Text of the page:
Q. I live in Kirto, district Sheikhupura and have problems growing potatoes. Please provide some tips.
A. From what I recall, the soil in your locality is liable to be heavy clay, which sets like concrete when dry. It may also have a high saline content. Neither of the aforementioned is good for potatoes. To grow them successfully, you need to prepare a special bed containing a very high mix of preferably organic compost, old, well-rotted manure and river sand (not sea sand) with a suggested mix of 25 percent each of these and just 25 percent of the natural clay soil. Excavate the bed to a depth of at least three feet, using the extra clay soil for something else and fill in with the new mix. Alternatively, and this may be easier, dig potato planting trenches, three feet deep, as many trenches as you wish, at a distance of three feet apart, fill these with the recommended soil/compost/sand/manure mixture and plant your potatoes six inches deep in these, earthing the potatoes up as they begin to make leaf. Keep weed free and well-watered and harvest once flowering has finished and the plants have naturally died back. Make a different potato patch each growing season and, in time, you will have improved soil conditions for growing other vegetables throughout your garden.
Q. I planted a desi lemon four years ago and the tree is now full of fruit. The problem is that most of the fruit have rust-coloured spots on them. Can you advise the reason for this and explain what should be done to get clean, healthy fruit next season?
A. Citrus rust is very unsightly and is caused by a minute bug that is difficult, almost impossible, to see with the naked eye. The best, chemical-free, solution is to spray the entire tree, taking care to spray underneath as well as on top of the leaves, immediately after harvesting and before new flower buds start to form. Make up a spray using two tablespoons full of 100 percent pure neem oil, one tablespoon bicarbonate of soda and one gallon of water. Spray in the evening once the sun is off the tree. In addition, ensure that the ground around the tree is kept clear of fallen fruit and other debris, as this could harbour pests/eggs. Hygiene is very important around all fruit trees, as prevention of problems is preferable to curing them.
By the way, the rust-marked lemons should be perfectly clean inside so they can still be used for juice, etc.
All your gardening queries answered here
Q. I am a Lahore-based senior citizen and fond of indoor plants. One of my plants with large leaves has a disease, whereby the leaves get rolled up and then die. Is there any treatment to help stop the plant from dying?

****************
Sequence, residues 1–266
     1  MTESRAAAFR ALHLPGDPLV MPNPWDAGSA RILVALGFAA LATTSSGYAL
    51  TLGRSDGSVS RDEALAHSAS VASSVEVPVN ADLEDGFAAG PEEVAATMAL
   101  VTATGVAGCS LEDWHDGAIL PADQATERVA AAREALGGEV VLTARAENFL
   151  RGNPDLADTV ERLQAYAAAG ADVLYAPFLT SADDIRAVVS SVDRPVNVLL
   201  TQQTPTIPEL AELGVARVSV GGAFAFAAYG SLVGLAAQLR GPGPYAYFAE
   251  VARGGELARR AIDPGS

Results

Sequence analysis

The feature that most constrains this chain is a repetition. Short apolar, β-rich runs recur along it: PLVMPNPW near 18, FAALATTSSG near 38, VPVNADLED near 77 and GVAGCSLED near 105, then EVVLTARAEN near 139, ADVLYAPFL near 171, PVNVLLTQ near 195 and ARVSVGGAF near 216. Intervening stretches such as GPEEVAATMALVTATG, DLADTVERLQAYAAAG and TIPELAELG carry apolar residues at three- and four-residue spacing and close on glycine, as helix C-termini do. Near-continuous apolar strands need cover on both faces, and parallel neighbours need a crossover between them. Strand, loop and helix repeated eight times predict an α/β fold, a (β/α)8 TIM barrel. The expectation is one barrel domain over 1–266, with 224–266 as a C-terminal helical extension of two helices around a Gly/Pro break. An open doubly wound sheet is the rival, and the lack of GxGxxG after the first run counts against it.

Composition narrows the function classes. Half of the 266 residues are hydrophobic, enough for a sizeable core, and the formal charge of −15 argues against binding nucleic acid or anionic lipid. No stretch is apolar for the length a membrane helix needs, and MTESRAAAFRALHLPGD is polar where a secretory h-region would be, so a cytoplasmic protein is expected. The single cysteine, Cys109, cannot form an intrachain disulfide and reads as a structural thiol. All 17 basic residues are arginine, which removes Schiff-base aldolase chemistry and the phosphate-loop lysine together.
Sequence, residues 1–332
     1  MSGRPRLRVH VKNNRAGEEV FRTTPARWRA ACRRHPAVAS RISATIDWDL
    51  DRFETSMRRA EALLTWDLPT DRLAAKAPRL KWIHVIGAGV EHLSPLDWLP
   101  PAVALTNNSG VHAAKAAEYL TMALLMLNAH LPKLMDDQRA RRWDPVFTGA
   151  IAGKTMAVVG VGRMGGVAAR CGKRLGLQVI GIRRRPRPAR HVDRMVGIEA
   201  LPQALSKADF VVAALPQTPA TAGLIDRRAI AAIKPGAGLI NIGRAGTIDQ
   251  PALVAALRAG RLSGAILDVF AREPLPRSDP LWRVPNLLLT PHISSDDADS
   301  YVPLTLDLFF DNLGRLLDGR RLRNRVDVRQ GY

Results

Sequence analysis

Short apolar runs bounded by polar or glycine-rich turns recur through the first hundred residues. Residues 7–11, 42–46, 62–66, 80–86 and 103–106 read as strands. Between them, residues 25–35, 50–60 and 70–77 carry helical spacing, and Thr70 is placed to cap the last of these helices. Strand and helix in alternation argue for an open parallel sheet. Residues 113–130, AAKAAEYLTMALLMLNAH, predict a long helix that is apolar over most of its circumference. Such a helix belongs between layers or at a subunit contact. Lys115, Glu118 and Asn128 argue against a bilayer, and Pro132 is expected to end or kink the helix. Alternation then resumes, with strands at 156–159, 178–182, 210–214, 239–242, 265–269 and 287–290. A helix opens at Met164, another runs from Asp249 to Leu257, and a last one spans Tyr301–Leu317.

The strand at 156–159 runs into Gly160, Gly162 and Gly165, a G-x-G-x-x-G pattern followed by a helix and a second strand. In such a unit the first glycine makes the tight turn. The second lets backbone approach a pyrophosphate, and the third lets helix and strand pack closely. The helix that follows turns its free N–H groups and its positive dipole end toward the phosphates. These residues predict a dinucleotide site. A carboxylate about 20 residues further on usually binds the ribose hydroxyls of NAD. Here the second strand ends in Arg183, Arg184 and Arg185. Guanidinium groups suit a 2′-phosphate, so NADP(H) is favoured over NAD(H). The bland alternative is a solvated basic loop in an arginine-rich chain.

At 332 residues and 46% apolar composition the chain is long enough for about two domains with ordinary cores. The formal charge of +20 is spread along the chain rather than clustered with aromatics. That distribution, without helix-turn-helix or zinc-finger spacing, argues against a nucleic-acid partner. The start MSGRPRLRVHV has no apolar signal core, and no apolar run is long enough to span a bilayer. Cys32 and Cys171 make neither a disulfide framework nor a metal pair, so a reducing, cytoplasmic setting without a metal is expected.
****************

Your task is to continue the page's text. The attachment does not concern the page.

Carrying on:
A. Without knowing the name of the plant it is difficult to give correct advice. Could it be that the plant is a shade-lover and is currently being exposed to too much direct sunlight and rolling its leaves closed in an attempt at protecting itself? Or perhaps some kind of insect is ‘gluing’ the leaves together and breeding inside. I suggest that you cut off and carefully unroll one of the leaves to see if insects are present. If so, take the plant outside, remove all rolled up leaves, disposing of them in the bin — not in the compost — spray the rest of the plant with warm, soapy water, stand in partial shade and wait to see if new growth appears. Sorry that I can’t be more helpful but, without the plant name, I am stuck.
Q. What are the benefits of raised beds? I am currently reorganising my garden in Multan and am considering including some.
A. Unless your land is subject to water-logging or is highly saline, raised beds are not recommended for the dry, exceptionally hot, climate of Multan as the soil dries out too rapidly. Consider creating sunken beds instead — these were written about here a few weeks ago — as these retain water rather than encouraging it too rapidly to drain away.
Q. I am keen to learn about kitchen gardening as I want to grow lots of vegetables and potatoes. Please give some advice.
A. Read this column each Sunday and also go through the back issues, which can easily be found on the internet.
Q. I am a beginner in gardening. Please guide me as to what seeds I can sow this month in District Charsadda, near Peshawar. My favourite plant is coleus; can I sow the seeds now and can roses be grown from cuttings?
A. A seed-sowing guide for February was provided on the first Sunday of the month and is provided in this column each month throughout the year. Coleus seeds are best sown towards the end of March or in April in your locality. Coleus also grows well from cuttings which root, very quickly, in water. Brought indoors over the winter months, coleus plants can be kept going for quite a number of years as long as they are kept trimmed back — this encourages them to bush out, and flowers are nipped out as soon as they appear. Roses are simple to grow from cuttings.
Please continue sending your gardening queries to email@example.com. Remember to include your location. The writer does not respond directly by email. Emails with attachments will not be opened. Commercial enquiries will be ignored.
Published in Dawn, EOS, February 24th, 2019